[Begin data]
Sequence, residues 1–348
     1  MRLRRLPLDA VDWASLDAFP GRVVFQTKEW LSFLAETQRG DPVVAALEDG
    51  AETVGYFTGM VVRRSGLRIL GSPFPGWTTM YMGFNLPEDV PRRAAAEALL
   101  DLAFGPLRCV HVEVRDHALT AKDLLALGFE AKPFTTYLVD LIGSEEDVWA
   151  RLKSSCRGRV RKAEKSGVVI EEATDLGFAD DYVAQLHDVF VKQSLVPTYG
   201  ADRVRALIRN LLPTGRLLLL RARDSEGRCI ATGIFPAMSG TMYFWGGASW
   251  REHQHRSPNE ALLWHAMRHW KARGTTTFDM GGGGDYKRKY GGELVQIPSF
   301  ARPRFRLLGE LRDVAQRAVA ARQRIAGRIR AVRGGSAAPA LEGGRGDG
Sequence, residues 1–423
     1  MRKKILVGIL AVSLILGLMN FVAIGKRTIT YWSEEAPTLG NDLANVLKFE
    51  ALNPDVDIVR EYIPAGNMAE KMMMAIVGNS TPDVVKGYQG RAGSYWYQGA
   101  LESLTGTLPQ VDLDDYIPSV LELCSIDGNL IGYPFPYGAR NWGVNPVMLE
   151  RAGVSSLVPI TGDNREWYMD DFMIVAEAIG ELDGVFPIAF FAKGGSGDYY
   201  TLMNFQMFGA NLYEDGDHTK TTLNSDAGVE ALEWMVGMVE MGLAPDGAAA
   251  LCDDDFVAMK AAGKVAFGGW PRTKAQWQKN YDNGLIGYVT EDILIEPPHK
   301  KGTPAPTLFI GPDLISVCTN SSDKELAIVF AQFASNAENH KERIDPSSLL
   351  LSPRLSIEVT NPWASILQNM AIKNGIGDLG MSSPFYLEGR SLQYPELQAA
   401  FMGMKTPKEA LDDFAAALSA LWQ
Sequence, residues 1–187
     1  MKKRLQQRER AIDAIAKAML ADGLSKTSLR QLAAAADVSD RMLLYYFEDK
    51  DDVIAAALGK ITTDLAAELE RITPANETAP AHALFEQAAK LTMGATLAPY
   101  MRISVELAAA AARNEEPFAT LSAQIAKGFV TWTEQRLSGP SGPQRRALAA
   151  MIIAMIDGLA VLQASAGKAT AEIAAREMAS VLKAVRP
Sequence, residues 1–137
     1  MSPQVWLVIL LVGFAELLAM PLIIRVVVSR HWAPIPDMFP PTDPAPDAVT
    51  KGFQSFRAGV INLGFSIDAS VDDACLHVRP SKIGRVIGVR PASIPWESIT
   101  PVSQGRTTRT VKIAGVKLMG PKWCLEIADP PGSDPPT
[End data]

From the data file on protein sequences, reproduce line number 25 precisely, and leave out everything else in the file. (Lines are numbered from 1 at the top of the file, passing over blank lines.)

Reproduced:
     1  MSPQVWLVIL LVGFAELLAM PLIIRVVVSR HWAPIPDMFP PTDPAPDAVT